Build A Better Lunch: The Perfect Sandwich

Build a Better Sandwich with Pretty Healthy

This beaut is turkey, avocado, bell pepper, and just a little mayo.

 This is part of the Build a Better Lunch Series. Read the first post here.

The sandwich, that quintessential lunch food. From comfort foods like grilled cheese and peanut butter and jelly, to  the All-American burger, sandwiches are everywhere.

And for good reason–they’re typically easy, no-cook, no-fuss, on the go finger food. Everybody can make a PB&J in their dorm room. Plus, two slices of bread can make a great delivery system for foods from every food group (brie and pears with honey or a patty melt with caramelized onions and mushrooms, anyone?)

Choose the Grain

First, temperature! There are two main domains of sandwiches: hot and cold. There are three phyla divisions* of sandwich in each domain based on the bread/grain. The first is the most classic  The Sliced Bread Division–think: classic PB&J–can be served cold or hot (a classic grilled cheese, for instance). You can also think about these as having crusts on the sides.

Then we have the Submarine Division, with classes Roll (subclass Croissant is categorized here) and Baguette. The unifying characteristic of this clade is that the crust is on the face of this sandwich. Enjoy one  cold, or make a warm pressed panini or toasted croissant sandwich. The last division is Wraps. These are made using flat breads, including tortillas, Lavash, and pita breads. Found in both domains, they can be eaten cold or hot (hello, quesadillas!).

Each option has different strengths–I like sliced bread for peanut butter and jelly and breads with satisfyingly crackling crusts for variations on the turkey-avocado club.

There is a final, oft-forgotten domain of sandwiches stands out from the rest. This is the Open-face Sandwich. With only one slice of bread, it is a good option for those who aren’t crazy about getting too much bread. Remember, building a better lunch comes down to what is better for you, and for some that will take experimentation. For instance, Emmaleigh might find that two servings of grains (also known as two slices of bread) in the middle of the day makes her sleepy during her 2:00 Organic Chemistry lecture. So, she might opt for a single-slice sandwich.

Pick a Protein

After the grain and temperature, classification becomes too tedious, so let’s just talk about things generally. The next part of the sandwich is the protein, and there are tons of options. From hard-boiled (or scrambled) eggs, to tuna, to chicken, to peanut butter, there is something for everyone.

Now, we want to use the correct portion size, which the USDA measures in ounces. One ounce equivalent of protein is one ounce of meat, one egg, a quarter cup of beans  (in your bean and cheese quesadilla), or a tablespoon of peanut butter. We also want eat the correct number of servings. If you recall our example with Adeline, she planned on getting two ounces of protein at lunch. That means she can have two hard-boiled eggs for egg salad, two ounces of turkey breast, or two tablespoons of a nut butter (or a ton of other things, in the correct portions).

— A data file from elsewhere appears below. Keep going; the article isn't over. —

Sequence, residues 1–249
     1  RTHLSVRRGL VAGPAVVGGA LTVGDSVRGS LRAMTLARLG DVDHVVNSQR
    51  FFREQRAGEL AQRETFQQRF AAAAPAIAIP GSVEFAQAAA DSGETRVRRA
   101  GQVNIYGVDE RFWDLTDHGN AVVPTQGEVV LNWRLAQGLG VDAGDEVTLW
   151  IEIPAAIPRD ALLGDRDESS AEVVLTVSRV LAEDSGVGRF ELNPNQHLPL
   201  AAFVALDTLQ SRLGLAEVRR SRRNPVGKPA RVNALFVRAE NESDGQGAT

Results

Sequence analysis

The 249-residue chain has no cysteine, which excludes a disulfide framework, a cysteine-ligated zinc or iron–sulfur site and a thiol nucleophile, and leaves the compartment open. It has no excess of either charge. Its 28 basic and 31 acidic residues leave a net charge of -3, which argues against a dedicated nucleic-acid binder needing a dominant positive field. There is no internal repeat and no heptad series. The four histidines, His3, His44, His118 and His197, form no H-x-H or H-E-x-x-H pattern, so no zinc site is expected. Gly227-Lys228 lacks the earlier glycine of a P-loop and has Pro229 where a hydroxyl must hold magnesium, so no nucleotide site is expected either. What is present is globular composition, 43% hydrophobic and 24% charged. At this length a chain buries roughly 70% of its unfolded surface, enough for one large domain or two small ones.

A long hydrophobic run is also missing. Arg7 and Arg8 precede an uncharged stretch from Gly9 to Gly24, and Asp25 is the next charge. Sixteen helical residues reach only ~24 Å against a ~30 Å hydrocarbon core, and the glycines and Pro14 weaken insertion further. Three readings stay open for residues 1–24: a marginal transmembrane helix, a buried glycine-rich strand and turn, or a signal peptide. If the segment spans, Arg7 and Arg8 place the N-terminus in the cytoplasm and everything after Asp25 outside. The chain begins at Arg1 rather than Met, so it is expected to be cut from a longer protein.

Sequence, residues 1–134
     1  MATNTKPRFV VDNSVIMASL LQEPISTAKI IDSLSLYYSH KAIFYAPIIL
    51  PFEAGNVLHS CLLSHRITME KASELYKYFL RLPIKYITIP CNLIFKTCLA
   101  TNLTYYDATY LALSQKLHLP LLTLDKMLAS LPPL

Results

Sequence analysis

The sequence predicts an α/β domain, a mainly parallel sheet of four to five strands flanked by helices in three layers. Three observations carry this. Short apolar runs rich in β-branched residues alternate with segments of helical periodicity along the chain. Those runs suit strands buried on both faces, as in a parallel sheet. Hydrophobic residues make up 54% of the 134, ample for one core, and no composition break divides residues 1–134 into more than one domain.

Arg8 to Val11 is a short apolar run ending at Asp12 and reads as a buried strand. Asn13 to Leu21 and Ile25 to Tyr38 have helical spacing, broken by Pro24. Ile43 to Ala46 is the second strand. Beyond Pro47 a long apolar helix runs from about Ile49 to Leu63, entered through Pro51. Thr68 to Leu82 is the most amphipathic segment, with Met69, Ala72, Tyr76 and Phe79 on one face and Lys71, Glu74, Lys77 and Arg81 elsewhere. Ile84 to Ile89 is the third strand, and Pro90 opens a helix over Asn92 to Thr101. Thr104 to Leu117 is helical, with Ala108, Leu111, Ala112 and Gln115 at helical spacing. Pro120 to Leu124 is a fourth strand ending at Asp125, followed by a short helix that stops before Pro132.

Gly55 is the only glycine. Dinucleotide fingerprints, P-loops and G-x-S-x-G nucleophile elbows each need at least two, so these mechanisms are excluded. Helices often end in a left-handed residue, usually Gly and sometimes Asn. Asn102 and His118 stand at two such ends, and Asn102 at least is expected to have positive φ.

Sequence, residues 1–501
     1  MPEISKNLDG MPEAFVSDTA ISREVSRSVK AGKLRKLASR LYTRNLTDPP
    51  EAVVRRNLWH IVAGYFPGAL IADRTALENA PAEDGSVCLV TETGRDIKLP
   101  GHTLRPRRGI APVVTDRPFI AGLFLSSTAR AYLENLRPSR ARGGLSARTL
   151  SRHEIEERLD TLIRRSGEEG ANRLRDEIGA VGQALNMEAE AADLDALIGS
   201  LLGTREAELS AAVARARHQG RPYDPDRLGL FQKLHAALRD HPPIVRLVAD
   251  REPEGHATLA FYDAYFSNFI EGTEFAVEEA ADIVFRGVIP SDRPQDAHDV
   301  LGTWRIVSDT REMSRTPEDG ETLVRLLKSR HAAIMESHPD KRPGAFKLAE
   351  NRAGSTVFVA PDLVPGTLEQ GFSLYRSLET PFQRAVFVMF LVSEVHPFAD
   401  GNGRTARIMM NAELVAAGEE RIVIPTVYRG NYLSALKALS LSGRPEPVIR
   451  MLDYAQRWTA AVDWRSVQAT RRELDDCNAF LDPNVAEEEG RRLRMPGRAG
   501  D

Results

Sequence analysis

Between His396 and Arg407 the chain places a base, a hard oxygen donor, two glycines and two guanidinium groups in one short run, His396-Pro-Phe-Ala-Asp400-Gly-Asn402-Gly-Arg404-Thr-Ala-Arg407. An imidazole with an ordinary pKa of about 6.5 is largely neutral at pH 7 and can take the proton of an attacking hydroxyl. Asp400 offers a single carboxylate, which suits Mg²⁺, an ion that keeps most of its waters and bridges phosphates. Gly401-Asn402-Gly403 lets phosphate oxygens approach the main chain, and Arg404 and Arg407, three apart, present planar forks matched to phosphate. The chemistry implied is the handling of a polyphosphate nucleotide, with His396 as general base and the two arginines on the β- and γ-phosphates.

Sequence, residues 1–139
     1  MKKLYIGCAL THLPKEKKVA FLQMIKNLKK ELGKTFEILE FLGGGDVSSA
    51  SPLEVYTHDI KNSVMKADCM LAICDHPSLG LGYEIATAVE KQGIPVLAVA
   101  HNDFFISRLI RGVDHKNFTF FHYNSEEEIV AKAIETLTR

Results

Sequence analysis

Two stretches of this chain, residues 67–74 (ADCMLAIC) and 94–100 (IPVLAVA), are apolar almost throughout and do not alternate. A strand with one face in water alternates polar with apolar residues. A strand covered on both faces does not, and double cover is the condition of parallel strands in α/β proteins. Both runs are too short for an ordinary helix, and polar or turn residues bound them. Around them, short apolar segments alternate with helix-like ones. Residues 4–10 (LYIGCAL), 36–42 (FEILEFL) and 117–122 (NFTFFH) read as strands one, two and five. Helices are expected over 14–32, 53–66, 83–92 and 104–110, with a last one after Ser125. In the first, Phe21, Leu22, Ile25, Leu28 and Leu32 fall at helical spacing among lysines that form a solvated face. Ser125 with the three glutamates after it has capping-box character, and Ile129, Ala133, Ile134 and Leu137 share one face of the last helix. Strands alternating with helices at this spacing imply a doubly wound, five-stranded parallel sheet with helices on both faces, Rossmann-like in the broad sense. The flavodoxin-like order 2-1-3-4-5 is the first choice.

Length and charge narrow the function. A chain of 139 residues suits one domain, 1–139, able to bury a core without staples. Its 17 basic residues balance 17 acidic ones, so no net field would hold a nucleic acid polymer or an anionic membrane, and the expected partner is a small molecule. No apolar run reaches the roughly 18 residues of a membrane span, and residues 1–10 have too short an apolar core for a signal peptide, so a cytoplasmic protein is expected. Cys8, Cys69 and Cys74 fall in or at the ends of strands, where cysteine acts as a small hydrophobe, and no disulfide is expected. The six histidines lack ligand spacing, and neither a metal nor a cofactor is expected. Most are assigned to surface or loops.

Fruit and Vegetable Variety

Fruits and vegetables are super nutritious and can add crunch to your sandwich. You could try adding a corresponding fruit to your jammy sandwiches (for instance, if you are having a nut butter and strawberry jam sandwich, try adding sliced strawberries for more texture, a double-dose of strawberry, and some additional nutrients). Also, sliced pears and apples add a sweet crunch to your sandwich (I recommend broiling ham and brie on one slice of French bread and ultra-thinly sliced apples on the other until the cheese is melty and the apples are just a little soft). For vegetables, a leaf or two of lettuce doesn’t quite do it. You can try adding bell pepper, cucumber, or tomatoes to make up about a cup of veggies. Or you can go the grilled sandwich route and use sautéed vegetables!

Of course, you don’t have to have both fruits and veggies in the sandwich–you could choose to have one of them on the side! Or a little of both–fitting a cup of either on a properly proportioned sandwich can be difficult.

Dairy Decisions

Our last food group is dairy and for most sandwiches, that means cheese. But peanut butter, jelly, and cheese isn’t always a winning combination. And sometimes, you only have cheddar, which wouldn’t be quite as good as mozzarella on this sandwich, so you nix the cheese. That’s okay.

That’s the beauty of the side dish. You can add a cheese stick to your lunch, or a cup of yogurt. A milk box or a pudding snack (in moderation, of course!). You can pair that cheese stick with apple or with carrots (or anything you like). You can bring fruit salad to go with your yogurt. There are a myriad of ways to add build a complete meal starting with a sandwich.

Some Assembly Required

Now that you’ve figured out the building blocks and the kind of sandwich you want to make, it’s time to talk condiments! Honey mustard, mayo, ranch dressing, herb spread–it can all add flavor to your basic sandwich. Some of them can pack quite the caloric punch, but that just means it’s important to account for your splurges. Eat what you like, but aim for healthy moderation.


*Please indulge this silly attempt at biological classification–the Bio student in me knows that there are grievous errors in the cladistics.


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